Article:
Microsoft's Buy Now, Pay Later integration in Edge is highly controversial

Microsoft announced a new addition to the company’s Microsoft Edge web browser in mid-November. Available only in Insider Builds of Edge at the time, the feature was rolled out in Edge 96 Stable recently.

Microsoft decided to add support for a Buy Now, Pay Later service, provided by ZIP, into Edge. Services such as Zip or Afterpay offer so-called Buy Now, Pay Later (BNPL) services. Shoppers may use them to get items that they buy right away and pay for these items in installments over time.

Microsoft partnered with Zip and Edge users may use the Zip service when they make purchases between $35 and $1000 in the browser, even if the shopping site does not support it.

Edge’s integrated BNPL is limited to paying back the owed money in 4 installments over 6 weeks.

Microsoft notes that the integration improves the application process.

Applying BNPL could take time, you need to sign in with zip every single time. With BNPL in Edge, you can simply link your Microsoft account with your zip account with one click and then bypass sign in from Zip side. It can expedite the application process for you.

What Microsoft fails to reveal in the announcement is that Zip is only available in certain regions. According to the homepage, Zip is available in the United States, United Kingdom, Australia, New Zealand, Canada and Mexico.

How Buy Now, Pay Later services work

Buy Now, Pay Later services sound like useful services at first. You can use them to get an item or service immediately, but don’t need to pay the full amount right away. If you are short on cash at the moment, but need something immediately, they may be the only option to do so short of selling your soul to a money lender.

There are certain downsides to using these services. Some may charge fees whenever you may payments and others may charge a monthly accounting fee. Late payment charges come into play when customers miss payments, and these may be reported and that may affect the credit line.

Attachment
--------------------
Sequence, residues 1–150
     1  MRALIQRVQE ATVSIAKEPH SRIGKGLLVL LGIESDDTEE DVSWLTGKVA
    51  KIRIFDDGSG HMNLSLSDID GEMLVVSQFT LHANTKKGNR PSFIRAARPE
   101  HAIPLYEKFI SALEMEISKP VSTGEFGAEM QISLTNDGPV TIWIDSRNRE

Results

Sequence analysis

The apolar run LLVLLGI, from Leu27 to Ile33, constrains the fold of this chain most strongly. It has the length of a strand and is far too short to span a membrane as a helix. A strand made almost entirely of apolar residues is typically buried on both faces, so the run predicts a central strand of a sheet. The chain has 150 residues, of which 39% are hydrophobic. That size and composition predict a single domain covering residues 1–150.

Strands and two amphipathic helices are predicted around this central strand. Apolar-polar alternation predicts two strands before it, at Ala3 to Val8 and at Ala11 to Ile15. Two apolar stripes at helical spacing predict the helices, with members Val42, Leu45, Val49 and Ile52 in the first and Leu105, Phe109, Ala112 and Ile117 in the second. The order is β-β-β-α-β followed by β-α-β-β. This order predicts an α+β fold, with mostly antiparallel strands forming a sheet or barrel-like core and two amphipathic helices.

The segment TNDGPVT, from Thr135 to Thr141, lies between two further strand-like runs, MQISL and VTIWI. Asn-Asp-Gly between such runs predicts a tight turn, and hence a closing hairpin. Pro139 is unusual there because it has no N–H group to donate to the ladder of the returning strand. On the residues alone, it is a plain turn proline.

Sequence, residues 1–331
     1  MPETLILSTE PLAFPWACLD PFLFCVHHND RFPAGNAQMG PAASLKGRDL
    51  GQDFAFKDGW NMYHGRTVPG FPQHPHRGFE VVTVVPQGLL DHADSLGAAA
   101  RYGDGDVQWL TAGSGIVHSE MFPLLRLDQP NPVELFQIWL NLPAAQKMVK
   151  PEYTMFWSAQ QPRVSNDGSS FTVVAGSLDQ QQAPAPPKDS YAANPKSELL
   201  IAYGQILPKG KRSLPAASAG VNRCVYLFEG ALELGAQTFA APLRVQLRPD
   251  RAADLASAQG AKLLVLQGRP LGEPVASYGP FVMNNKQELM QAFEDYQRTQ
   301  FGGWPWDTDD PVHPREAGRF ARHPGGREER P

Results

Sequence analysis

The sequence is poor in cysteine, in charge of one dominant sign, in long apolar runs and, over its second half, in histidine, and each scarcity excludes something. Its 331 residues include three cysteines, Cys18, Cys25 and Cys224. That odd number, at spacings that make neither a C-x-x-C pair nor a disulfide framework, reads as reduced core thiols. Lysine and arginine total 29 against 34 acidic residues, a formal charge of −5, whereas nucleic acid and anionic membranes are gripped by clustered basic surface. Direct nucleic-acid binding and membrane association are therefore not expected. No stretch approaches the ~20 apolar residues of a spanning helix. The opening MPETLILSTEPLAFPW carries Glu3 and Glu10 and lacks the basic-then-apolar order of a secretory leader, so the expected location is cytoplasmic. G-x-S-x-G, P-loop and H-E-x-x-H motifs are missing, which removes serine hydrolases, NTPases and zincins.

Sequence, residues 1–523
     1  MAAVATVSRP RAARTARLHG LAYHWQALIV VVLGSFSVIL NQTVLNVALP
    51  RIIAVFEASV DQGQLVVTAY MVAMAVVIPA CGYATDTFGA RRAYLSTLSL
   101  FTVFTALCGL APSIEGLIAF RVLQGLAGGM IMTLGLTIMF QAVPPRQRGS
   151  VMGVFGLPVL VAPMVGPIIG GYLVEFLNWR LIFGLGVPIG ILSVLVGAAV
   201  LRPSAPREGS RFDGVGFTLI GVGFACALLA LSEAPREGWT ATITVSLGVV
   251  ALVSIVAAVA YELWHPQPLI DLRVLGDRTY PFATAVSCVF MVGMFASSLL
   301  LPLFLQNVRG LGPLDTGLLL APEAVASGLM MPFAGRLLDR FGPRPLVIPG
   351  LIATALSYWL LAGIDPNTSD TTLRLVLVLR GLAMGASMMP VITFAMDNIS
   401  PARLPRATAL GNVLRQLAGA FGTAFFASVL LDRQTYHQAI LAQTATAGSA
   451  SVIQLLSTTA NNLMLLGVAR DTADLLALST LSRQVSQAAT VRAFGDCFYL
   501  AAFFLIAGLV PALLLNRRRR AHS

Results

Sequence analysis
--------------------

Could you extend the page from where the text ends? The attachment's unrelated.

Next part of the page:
Reception has been bad

Microsoft’s own blog post on the Insider blog received more than 110 comments at the time of writing. The majority of comments are negative towards the feature. Some see it as unnecessary bloat that is added to the browser, others mention that Microsoft did not mention the $4 processing fee or how it benefits from the integration.

Here are a few examples:

This should be an extension at best. It is not a feature I’m looking for in any browser. Microsoft is a multi-billion dollar company. I doubt whatever Zip is paying you is worth the negative press this will generate.  (user bdpatton)

Also made an account just to reply. I love the new Edge and I’ve been using it since it came out. Seriously, don’t support this. No one needs this. BNPL is just an enabler for people who have a problem. No one should finance online purchases that small. This kind of functionality should definitely, 100%, not be in any browser ever. Please don’t add to the debt problems people already have. (user amsprich)

Looks like you neglected to mention the $4 flat fee in the article?

On a $35 purchase, that’s 11% of the purchase cost spread over one month. Annualized, that’s an astounding 250% APY. Even the most predatory credit cards top out at around 40% APY.

All you’ve done is just baked predatory loans into your browser. Honestly, you should be ashamed. (user JemmaScout)

Articles, such as Microsoft Edge’s new ‘Buy now, pay later’ feature is the definition of bloatware on XDA Developers, or Paul Thurott’s Microsoft Continues to Bog Down Edge with Unnecessary Bloat, criticize the integration of the feature.

XDA Developers point out that Zip is already available as an app and a Chrome browser extension, and that Buy Now, Pay Later schemes are designed to get people tp make more purchases than they would otherwise.

Closing Words

Which features should browsers provide? Most browser makers add features to their browsers that could have been provided as extensions, many do so to distinguish the own browser from others. Some Edge users will find the new functionality useful, others will see it as bloat or even as a reason to switch to another browser.

Now You: what is your take on the integration?

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